That’s it. But it’s caused a bit of an uproar.

Contreras made headlines Tuesday when he told reporters that he’ll willingly break those rules if he needs to in order to put his team in a better position to win.

“I’ve been reading a lot about this rule, and I don’t really care. If I have to pay the price for my team, I will,” Contreras said. “There’s six mound visits, but what if you have a tight game? … You have to go out there. They cannot say anything about that. It’s my team, and we just care about winning. And if they’re going to fine me about the No. 7 mound visit, I’ll pay the price.”

Talking about pace-of-play rule changes last week, Cubs manager Joe Maddon said his team would adapt to any new rules. In Chicago baseball’s other Arizona camp, a similar tune of adaptation was being sung.

“Obviously as players we’ve got to make adjustments to whatever rules they want to implement,” White Sox pitcher James Shields said. “This is a game of adjustments, we’re going to have to make adjustments as we go. We’re going to have to figure out logistics of the thing, and I would imagine in spring training we’re going to be talking about it more and more as we go so we don’t mess it up.”

There was general consensus that mound visits are a valuable thing. So what happens if a pitcher and catcher need to communicate but are forced to do it from 60 feet, six inches away?

“Sign language,” White Sox catching prospect Zack Collins joked. “I guess you have to just get on the same page in the dugout and hope that nothing goes wrong if you’re out of visits.”

In the end, here’s the question that needs answering: Are baseball games really too long?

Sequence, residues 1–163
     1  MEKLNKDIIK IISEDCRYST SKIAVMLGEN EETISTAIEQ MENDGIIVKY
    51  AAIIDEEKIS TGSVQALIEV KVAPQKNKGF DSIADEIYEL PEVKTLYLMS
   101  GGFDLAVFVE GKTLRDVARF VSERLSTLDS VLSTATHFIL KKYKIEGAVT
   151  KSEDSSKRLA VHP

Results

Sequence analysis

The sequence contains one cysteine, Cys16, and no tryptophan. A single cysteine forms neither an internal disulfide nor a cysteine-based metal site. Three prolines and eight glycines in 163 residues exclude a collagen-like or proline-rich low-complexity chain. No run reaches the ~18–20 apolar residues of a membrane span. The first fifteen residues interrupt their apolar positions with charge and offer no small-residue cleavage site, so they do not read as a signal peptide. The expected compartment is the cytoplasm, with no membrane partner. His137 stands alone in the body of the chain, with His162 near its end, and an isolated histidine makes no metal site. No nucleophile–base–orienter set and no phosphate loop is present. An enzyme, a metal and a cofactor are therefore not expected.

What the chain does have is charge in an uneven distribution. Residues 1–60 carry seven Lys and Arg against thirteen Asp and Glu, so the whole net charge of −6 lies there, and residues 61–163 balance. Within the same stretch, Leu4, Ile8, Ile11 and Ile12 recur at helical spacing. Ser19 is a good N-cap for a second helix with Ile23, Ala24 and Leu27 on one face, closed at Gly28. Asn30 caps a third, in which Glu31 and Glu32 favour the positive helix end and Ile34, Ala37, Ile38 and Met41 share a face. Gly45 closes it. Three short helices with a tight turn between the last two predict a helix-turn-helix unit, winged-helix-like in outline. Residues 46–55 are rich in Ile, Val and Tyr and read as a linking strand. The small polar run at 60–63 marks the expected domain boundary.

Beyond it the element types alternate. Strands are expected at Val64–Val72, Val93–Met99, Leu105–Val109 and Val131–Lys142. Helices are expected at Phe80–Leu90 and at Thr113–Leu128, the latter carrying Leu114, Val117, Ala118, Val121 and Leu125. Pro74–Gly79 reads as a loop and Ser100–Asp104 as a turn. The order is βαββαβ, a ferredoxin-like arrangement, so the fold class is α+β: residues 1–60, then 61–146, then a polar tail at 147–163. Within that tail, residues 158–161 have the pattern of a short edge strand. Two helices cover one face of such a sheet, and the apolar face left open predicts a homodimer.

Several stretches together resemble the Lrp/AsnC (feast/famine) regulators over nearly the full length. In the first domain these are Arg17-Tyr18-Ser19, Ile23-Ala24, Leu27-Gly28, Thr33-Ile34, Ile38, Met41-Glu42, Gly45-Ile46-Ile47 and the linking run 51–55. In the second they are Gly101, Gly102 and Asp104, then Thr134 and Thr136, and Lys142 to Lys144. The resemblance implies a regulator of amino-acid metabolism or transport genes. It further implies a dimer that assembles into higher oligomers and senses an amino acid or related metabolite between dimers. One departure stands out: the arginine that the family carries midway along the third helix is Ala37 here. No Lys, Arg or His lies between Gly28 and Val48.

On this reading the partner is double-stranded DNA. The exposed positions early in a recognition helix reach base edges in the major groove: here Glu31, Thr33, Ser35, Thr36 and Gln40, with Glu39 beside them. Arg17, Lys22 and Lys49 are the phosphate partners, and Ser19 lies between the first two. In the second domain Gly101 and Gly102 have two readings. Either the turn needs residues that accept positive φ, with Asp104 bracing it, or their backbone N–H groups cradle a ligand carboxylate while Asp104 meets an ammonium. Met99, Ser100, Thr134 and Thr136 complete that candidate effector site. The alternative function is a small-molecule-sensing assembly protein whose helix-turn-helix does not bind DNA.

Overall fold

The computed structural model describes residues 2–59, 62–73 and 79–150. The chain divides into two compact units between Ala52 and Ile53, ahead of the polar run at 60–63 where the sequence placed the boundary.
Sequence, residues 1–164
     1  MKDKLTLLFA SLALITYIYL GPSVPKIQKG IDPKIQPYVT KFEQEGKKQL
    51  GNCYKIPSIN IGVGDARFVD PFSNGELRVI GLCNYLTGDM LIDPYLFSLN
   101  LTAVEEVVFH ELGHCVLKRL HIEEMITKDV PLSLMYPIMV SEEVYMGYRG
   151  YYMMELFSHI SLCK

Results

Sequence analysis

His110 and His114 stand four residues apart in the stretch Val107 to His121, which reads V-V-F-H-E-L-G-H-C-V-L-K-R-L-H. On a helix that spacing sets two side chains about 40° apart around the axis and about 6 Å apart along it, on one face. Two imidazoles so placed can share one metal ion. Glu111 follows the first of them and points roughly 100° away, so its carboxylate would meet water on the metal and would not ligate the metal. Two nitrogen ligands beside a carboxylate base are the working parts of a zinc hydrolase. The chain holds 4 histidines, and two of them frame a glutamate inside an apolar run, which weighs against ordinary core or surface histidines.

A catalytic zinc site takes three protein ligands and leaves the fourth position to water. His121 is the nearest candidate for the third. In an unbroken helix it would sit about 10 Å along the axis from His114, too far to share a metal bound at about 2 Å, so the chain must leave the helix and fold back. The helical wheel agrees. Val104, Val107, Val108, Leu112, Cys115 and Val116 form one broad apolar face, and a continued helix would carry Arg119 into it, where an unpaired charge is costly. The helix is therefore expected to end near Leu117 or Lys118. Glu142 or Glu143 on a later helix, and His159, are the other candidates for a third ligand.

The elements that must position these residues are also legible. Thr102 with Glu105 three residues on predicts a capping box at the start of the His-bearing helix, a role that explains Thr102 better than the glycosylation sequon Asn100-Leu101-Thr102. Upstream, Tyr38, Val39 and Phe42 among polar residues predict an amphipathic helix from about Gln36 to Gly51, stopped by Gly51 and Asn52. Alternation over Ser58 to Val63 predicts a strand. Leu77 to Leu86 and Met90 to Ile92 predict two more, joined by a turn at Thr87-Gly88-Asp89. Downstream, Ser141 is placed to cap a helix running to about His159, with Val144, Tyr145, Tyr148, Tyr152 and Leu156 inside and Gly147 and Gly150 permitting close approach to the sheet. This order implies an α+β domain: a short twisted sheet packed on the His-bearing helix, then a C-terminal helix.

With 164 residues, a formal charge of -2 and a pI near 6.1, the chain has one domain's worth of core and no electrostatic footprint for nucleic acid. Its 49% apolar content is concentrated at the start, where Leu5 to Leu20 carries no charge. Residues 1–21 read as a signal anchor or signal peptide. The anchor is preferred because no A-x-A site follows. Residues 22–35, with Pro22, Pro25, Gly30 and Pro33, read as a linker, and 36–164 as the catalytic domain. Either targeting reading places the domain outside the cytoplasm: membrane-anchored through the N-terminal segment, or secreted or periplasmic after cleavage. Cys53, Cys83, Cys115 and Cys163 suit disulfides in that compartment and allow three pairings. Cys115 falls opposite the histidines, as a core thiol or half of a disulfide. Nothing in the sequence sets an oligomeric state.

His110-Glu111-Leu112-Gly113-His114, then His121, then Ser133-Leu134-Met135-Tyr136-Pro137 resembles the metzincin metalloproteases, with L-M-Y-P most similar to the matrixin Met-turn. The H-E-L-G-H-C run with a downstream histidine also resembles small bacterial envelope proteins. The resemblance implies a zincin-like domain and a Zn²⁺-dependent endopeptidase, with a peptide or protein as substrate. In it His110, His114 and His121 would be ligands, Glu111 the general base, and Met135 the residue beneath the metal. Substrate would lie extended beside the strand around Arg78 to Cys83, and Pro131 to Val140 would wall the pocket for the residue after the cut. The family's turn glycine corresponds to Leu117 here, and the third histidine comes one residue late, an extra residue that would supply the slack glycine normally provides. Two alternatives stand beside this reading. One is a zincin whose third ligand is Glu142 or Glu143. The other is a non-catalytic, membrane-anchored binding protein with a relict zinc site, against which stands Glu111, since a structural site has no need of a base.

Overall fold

On one hand, as Lester argued, you know what you’re signing up for when you watch a baseball game, be it in the stands at a ballpark or on TV. No one should be shocked when a game rolls on for more than three hours.

But shock and fans' levels of commitment or just pure apathy are two different things. And sometimes it’s a tough ask for fans to dedicate four hours of their day 162 times a year. So there’s a very good reason baseball is trying to make the game go faster, to keep people from leaving the stands or flipping the TV to another channel.

Unsurprisingly, Lester would rather keep things the way they are.

“To be honest with you, the fans know what they’re getting themselves into when they go to a game,” Lester said. “It’s going to be a three-hour game. You may have a game that’s two hours, two hours and 15 minutes. Great, awesome. You may have a game that’s four hours. That’s the beautiful part of it.

“I get the mound visit thing. But what people that aren’t in the game don’t understand is that there’s so much technology in the game, there’s so many cameras on the field, that every stadium now has a camera on the catcher’s crotch. So they know signs before you even get there. Now we’ve got Apple Watches, now we’ve got people being accused of sitting in a tunnel (stealing signs). So there’s reasons behind the mound visit. He’s not just coming out there asking what time I’m going to dinner or, ‘Hey, how you feeling?’ There’s reasons behind everything, and I think if you take those away, it takes away the beauty of the baseball game.

“Every game has a flow, and I feel like that’s what makes it special. If you want to go to a timed event, go to a timed event. I’m sorry I’m old-school about it, but baseball’s been played the same way for a long time. And now we’re trying to add time to it. We’re missing something somewhere.”

Whether limiting the number of mound visits creates a significant dent in this problem remains to be seen. But excuse the players if they’re skeptical.

“We’ve got instant replay, we’ve got all kinds of different stuff going on. I don’t think (limiting) the mound visits are going to be the key factor to speeding this game up,” Shields said. “Some pitchers take too long, and some hitters take too long. It’s combination of a bunch of stuff.

“I know they’re trying to speed the game up a little bit. I think overall, the game’s going as fast as it possibly could. You’ve got commercials and things like that. TV has a lot to do with it. There’s a bunch of different combinations of things. But as a player, we’ve got to make an adjustment.”